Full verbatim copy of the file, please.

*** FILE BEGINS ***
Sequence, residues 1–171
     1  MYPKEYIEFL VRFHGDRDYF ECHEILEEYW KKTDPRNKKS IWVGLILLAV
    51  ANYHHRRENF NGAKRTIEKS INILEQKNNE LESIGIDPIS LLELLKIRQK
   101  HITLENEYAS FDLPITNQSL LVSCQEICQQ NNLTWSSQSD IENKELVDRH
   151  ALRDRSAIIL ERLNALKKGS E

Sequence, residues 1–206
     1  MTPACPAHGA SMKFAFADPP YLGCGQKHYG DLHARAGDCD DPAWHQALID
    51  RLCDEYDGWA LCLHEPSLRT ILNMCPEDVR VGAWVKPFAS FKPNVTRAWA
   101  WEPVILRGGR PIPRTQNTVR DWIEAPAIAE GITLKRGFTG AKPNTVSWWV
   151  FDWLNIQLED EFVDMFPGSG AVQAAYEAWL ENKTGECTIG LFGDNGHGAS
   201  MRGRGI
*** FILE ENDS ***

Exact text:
Sequence, residues 1–171
     1  MYPKEYIEFL VRFHGDRDYF ECHEILEEYW KKTDPRNKKS IWVGLILLAV
    51  ANYHHRRENF NGAKRTIEKS INILEQKNNE LESIGIDPIS LLELLKIRQK
   101  HITLENEYAS FDLPITNQSL LVSCQEICQQ NNLTWSSQSD IENKELVDRH
   151  ALRDRSAIIL ERLNALKKGS E

Sequence, residues 1–206
     1  MTPACPAHGA SMKFAFADPP YLGCGQKHYG DLHARAGDCD DPAWHQALID
    51  RLCDEYDGWA LCLHEPSLRT ILNMCPEDVR VGAWVKPFAS FKPNVTRAWA
   101  WEPVILRGGR PIPRTQNTVR DWIEAPAIAE GITLKRGFTG AKPNTVSWWV
   151  FDWLNIQLED EFVDMFPGSG AVQAAYEAWL ENKTGECTIG LFGDNGHGAS
   201  MRGRGI